Thursday, December 29, 2011

For the Love of Physics

From the End of the Rainbow to the Edge of Time - A Journey Through the Wonders of Physics

Walter Lewin with Warren Goldstein

Waltr Lewin, professor of physics at M.I.T. does spend a lot of time in this book, which describes his intro to physics lectures, talking about rainbows. He even had his young daughter hold a spraying garden hose up over her head on a cold December day in Cambridge, MA to pose for a rainbow photo.

Lewin likes to do dramatic demonstrations of the principles of physics for his M.I.T. students, swinging on a pendulum across the lecture hall or holding one, a 15.5 KG ball, up to his nose and letting it go, to show that it won't come any closer than 1/8 of an inch from that nose on it's return trip. He has so far stood still enough not to get hit in the nose with his demonstration. His enthusiasm for the subject is contagious, which is why Lewin's introductory physics class has become so popular.

Electricity, magnetism, light, Newton's laws of motion, general relativity and Maxwell's equations are all touched upon in this book of science popularization. As is customary, all this is done, even Maxwell, without taxing the reader's math skills.

Lewin's work at M.I.T. besides teaching, has been in X-ray astronomy. There is an extended section of the book covering this subject, his adventures with giant helium balloons in Australia and the reasons for studying X-rays from outer space. This work is now done with satellites, but when Lewin started either a short rocket launch for a few minutes of observation or a stratospheric balloon ride of a couple of hours were all that could be done. X-rays are absorbed by Earth's atmosphere or we would all be fried.

M.I.T. has kindly put the whole series of Lewin's lectures, in video, on the web. You can watch to your heart's content at MIT Open Courseware.

By the way, Professor Lewin wants you to know the degree of uncertainty in all of your measurements. If you don't know that, you don't know anything!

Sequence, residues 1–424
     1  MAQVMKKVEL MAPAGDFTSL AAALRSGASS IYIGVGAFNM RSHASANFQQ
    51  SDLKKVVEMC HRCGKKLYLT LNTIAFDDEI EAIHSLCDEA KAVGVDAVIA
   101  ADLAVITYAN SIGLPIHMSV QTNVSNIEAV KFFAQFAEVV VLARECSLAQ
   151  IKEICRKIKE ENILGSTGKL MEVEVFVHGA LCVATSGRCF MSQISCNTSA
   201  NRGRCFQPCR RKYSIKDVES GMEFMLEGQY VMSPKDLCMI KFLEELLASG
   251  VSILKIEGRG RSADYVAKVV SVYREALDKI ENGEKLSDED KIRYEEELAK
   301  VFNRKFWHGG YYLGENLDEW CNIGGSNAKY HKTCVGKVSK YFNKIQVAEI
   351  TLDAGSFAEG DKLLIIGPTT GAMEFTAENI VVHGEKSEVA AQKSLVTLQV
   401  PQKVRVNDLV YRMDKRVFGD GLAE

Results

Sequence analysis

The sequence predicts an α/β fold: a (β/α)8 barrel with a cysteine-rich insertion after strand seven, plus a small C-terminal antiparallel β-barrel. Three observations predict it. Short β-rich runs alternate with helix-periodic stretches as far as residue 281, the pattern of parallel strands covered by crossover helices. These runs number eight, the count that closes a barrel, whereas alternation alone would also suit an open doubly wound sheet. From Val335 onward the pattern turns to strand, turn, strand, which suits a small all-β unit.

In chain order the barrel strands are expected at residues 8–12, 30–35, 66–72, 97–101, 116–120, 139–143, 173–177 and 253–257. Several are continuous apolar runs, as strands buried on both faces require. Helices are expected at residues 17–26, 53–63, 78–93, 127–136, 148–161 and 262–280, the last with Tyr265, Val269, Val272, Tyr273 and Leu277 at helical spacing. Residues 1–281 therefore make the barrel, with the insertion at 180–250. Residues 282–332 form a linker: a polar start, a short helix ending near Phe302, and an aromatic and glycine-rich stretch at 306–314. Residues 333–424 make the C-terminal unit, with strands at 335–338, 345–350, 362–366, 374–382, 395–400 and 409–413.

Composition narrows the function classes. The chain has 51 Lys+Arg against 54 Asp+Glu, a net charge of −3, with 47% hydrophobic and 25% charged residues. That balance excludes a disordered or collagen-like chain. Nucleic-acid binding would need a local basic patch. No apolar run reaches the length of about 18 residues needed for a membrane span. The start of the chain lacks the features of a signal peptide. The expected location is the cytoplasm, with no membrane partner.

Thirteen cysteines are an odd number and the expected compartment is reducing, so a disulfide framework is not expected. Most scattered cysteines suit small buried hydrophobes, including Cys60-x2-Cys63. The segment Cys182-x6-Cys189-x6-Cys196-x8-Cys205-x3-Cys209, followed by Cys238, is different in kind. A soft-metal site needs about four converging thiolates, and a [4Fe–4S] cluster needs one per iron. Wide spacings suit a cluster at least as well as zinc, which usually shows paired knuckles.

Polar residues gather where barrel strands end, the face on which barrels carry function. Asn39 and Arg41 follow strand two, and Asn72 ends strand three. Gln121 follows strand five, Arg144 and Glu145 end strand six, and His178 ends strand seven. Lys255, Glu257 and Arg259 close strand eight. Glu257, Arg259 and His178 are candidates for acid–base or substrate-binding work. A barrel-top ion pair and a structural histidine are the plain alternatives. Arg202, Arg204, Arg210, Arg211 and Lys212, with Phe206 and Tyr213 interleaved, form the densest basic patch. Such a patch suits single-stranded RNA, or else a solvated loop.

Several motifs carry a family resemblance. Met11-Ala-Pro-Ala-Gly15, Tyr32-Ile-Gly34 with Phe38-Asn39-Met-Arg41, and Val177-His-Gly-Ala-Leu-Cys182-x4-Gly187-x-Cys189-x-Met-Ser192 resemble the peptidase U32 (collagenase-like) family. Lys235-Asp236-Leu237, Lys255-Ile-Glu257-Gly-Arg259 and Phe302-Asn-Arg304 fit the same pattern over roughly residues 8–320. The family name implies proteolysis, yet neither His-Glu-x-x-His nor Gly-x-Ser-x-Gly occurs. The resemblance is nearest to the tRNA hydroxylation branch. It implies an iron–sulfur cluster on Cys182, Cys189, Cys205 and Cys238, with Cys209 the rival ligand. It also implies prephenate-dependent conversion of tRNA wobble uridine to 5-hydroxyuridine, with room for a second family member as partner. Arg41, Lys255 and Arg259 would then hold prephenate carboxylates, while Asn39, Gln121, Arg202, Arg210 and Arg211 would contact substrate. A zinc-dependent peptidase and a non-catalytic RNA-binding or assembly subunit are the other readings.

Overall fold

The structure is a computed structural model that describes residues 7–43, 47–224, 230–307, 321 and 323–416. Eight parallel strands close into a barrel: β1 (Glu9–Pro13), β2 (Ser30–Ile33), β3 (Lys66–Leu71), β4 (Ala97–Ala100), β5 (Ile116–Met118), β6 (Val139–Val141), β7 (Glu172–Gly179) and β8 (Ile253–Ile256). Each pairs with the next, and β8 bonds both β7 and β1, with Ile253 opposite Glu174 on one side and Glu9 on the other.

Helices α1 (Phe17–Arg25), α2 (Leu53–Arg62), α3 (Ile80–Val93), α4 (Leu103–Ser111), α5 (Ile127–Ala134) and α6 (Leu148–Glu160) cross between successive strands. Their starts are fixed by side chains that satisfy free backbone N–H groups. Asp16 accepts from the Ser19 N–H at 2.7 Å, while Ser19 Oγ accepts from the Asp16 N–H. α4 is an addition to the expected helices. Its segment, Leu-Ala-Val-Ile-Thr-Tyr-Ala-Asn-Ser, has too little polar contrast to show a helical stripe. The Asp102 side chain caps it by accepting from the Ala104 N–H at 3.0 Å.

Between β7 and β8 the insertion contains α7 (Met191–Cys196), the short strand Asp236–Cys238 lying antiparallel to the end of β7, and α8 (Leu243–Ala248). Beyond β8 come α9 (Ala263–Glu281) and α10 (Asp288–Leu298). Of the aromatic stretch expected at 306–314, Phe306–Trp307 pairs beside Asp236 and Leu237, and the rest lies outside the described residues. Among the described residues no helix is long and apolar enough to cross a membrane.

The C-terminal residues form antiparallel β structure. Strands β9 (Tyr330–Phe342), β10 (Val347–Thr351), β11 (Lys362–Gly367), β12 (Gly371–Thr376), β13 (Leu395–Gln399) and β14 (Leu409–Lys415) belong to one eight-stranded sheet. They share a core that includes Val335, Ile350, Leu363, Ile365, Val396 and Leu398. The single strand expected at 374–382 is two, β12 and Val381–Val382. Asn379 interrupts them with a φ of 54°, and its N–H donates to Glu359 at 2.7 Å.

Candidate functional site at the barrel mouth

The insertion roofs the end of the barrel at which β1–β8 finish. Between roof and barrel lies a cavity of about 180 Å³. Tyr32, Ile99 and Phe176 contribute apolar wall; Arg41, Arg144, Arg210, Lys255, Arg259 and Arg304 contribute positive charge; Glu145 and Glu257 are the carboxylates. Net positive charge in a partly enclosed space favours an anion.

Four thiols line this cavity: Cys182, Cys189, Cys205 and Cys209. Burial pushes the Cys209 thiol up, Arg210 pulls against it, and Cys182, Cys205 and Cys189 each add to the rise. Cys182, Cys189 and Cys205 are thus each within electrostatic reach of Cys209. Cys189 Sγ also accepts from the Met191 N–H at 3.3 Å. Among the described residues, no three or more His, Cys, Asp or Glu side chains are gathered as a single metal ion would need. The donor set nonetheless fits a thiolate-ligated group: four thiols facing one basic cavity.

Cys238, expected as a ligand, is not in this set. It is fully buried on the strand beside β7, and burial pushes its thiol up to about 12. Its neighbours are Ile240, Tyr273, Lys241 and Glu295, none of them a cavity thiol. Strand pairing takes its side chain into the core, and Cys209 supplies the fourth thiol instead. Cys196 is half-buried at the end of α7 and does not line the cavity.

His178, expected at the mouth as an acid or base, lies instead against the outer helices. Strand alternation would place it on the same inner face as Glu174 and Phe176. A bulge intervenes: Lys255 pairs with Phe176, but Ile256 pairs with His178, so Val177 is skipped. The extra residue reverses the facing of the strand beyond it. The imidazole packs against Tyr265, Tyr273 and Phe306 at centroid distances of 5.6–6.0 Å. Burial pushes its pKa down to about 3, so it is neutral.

Saturday, December 3, 2011

THe Filter Bubble

What the Internet Is Hiding From You

Eli Pariser

Social scientists have been telling us for a decade or more that we tend to associate with people that are just like ourselves, watching either Fox or MSNBC but not both, even moving to cities where more people share our own political and/or religious views. Eli Pariser proposes that the algorithms written into Google, Facebook and other social networks and search sites have been written to reflect ourselves like a mirror.

This results in the ghettoization of society. One person's Facebook feed is filled with vegetarian, Buddhist and Occupy Wall Street posts. Another's has Sean Hannity, climate change denial and right to life posts. In the next cubicle the screen is filled with Ron Paul, Iggy Pop and the latest home fusion technology schemes. My Google search on the same keywords will not give me the same results as yours. Google is trying to give each of us what we want, according to the history of our internet use, as stored in "cookies" deep within our own hard drives.

The companies which run these sites are storing up detaied profiles of each of us, in order to feed us advertising for the things we, individually, are most likely to buy. Their approach is much more sophisticated than the coupons that supermarkets print for us at checkout time, trying to woo us away from the dog food we just bought with an offer of 25 cents off on a can of the competing brand. According to Pariser, they know all about or personal, work, recreational and political lives and stand ready to sell that information to any bidder. Perhaps this is why my Gmail spam folder always has an ad for recipes for Hawaii's favorite tinned meat product.

Pariser contends that these algorithms serve to accelerate the breakup of civil society. All we see on the internet is the same as we see on our favorite cable channel, hear from our friends and hold strongly in our hearts. We must be right, because everyone we know agrees with us.

The solution? I know it can be painful, but I suggest that you go ahead and "like" Michael Moore's Facebook page and Rush Limbaugh's. Search for the latest news from Pope Benedict and from Vladimir Putin. Watch those Fox News clips and a few from Al Jazeera. Cognitive dissonance is a good thing.